The Guardian, one of Britain’s most progressive newspapers, has recently come under scrutiny after researchers commissioned by the outlet found that its founder and original investors profited from the transatlantic slavery economy. The newspaper’s founder, John Edward Taylor, was found to have profited from the importation of cotton picked by enslaved people. Additionally, the researchers discovered that nine of the original investors in The Guardian had ties to the transatlantic slavery trade in the early 19th century.
This revelation has shed light on the newspaper’s historical connection to the dark period of slavery and raises important questions about its past. The findings were made public in a special report published by The Guardian in March, which aimed to uncover and acknowledge the newspaper’s involvement in the slavery economy.
According to Cassandra Gooptar, an interdisciplinary researcher specializing in the study of enslavement and colonialism, a crucial part of her research involved identifying the identities of over 300 enslaved individuals in the Sea Islands and Jamaica. Gooptar acknowledged that the names of enslaved people were often anglicized, highlighting the control exerted by plantation owners. Nevertheless, she emphasized that these names represent a rare record of the humanity of those who were enslaved.
The Guardian’s editor overseeing the investigation, Maya Wolfe-Robinson, spoke about the challenges faced during the research process. Historians initially believed that it would be difficult to obtain detailed information about the plantations and the individuals involved. However, the researchers were able to uncover concrete evidence of the newspaper’s ties to the slavery economy, contributing to a better understanding of its historical context.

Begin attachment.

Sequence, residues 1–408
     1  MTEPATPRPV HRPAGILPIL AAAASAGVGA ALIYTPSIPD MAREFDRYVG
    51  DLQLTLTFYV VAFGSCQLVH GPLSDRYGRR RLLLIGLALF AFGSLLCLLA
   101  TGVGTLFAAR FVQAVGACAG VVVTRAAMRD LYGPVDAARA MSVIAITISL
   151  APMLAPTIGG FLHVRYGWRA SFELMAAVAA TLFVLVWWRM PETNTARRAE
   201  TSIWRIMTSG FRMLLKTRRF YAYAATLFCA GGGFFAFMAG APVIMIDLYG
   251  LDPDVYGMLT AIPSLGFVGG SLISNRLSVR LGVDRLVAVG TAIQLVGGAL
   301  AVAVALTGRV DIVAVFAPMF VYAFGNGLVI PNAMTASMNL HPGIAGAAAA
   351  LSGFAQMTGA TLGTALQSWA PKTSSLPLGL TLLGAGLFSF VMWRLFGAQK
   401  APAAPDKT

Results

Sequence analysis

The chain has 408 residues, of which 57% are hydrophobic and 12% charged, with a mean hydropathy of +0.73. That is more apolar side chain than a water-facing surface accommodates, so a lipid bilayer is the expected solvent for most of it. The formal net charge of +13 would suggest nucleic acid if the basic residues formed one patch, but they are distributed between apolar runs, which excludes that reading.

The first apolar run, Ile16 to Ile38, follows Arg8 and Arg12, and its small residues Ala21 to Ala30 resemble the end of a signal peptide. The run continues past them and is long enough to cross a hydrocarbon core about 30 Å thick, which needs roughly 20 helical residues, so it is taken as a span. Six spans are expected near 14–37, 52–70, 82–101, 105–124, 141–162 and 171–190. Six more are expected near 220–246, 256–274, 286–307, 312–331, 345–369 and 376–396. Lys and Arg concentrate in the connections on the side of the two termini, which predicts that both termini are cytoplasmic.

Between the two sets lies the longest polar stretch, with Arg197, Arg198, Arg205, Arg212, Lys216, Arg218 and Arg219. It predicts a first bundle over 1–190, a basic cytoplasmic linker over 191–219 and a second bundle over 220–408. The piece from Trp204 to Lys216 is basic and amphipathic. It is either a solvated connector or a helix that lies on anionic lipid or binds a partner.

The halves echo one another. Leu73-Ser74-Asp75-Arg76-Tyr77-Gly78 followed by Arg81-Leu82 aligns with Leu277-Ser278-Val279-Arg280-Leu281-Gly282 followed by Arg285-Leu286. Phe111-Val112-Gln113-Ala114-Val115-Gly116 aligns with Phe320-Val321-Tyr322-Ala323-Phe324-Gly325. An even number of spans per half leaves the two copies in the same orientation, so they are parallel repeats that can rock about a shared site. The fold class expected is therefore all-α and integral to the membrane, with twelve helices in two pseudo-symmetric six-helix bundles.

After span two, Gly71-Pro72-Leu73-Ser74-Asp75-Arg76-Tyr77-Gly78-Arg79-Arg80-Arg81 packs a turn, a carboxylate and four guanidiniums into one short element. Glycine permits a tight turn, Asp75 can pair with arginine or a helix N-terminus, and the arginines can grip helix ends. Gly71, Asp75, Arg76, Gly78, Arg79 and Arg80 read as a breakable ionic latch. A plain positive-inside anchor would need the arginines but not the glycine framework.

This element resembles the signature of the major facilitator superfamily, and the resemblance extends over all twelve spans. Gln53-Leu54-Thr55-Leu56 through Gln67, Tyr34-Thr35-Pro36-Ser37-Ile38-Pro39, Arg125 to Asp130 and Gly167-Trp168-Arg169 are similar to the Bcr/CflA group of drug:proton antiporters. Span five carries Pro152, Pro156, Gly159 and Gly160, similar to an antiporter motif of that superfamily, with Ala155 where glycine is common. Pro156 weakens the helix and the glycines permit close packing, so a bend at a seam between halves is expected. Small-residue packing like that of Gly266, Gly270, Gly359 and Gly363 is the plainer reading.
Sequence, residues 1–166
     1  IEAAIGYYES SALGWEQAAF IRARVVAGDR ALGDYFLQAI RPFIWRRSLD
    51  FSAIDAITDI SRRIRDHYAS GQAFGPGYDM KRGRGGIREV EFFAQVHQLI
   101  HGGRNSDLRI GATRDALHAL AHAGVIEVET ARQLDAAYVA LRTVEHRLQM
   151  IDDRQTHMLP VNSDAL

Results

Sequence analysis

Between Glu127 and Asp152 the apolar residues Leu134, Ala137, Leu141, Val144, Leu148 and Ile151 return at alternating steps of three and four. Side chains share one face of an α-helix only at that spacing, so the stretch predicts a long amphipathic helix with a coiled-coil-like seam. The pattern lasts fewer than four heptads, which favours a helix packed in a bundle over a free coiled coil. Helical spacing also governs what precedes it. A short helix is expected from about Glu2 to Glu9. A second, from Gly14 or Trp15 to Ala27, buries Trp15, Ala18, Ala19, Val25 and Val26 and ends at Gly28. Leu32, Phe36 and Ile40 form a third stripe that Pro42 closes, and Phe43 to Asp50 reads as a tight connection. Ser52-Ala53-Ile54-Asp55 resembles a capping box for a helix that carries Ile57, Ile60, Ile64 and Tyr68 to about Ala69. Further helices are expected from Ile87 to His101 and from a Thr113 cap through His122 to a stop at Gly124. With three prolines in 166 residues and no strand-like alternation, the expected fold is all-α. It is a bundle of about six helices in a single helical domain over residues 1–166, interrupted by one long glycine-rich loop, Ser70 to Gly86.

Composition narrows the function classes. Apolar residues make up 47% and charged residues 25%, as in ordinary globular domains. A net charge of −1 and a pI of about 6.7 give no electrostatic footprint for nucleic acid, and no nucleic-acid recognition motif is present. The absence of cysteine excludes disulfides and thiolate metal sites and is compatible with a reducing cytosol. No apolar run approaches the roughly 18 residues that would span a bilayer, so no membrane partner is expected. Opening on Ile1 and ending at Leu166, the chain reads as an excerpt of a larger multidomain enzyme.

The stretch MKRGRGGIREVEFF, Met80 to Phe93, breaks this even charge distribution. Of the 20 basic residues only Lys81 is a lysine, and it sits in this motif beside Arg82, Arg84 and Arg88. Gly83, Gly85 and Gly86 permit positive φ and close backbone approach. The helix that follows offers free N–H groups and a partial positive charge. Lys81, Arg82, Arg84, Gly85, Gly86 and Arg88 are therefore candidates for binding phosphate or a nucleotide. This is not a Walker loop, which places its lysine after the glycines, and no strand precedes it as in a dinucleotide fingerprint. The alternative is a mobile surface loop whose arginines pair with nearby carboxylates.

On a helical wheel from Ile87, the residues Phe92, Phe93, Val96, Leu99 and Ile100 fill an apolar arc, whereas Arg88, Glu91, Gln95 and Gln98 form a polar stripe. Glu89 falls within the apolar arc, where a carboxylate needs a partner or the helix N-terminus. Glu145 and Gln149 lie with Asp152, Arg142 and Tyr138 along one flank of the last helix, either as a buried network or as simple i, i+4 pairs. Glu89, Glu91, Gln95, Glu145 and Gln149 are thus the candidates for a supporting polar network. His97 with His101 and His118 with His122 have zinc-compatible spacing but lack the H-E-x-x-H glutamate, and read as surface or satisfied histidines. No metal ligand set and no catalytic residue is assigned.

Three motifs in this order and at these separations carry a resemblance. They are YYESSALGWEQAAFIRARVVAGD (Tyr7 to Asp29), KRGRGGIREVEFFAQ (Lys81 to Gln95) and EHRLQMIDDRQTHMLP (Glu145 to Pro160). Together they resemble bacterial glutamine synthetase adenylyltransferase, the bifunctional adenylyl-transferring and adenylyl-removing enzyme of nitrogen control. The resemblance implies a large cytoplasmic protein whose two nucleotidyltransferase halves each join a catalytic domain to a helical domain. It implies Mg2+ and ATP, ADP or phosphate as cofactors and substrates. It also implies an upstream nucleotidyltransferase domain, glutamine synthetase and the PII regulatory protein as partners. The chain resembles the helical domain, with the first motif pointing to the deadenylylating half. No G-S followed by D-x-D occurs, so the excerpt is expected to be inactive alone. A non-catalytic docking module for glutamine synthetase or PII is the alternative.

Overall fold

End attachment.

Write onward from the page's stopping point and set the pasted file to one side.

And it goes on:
The newspaper has since launched its Cotton Capital series, which expands on Gooptar’s research. The series includes an “In Memoriam” piece that lists the names and ages of several enslaved individuals from the Sea Islands, as well as a comprehensive exploration of the Black history of Manchester, where The Guardian was originally founded.
The publication of these findings has sparked a dialogue about ethical responsibility and the need for institutions to confront their historical connections to oppression. The Guardian’s commitment to transparency sets an important example for other media organizations to reflect on their own histories and take meaningful steps towards addressing past injustices.
While the revelations about The Guardian’s past may be uncomfortable, they serve as a reminder of the lasting legacies of slavery and the importance of acknowledging and learning from them. The newspaper’s efforts to uncover and share its history with the public reflect a commitment to truth and accountability. By confronting its own involvement in the slavery economy, The Guardian demonstrates its dedication to integrity and progress.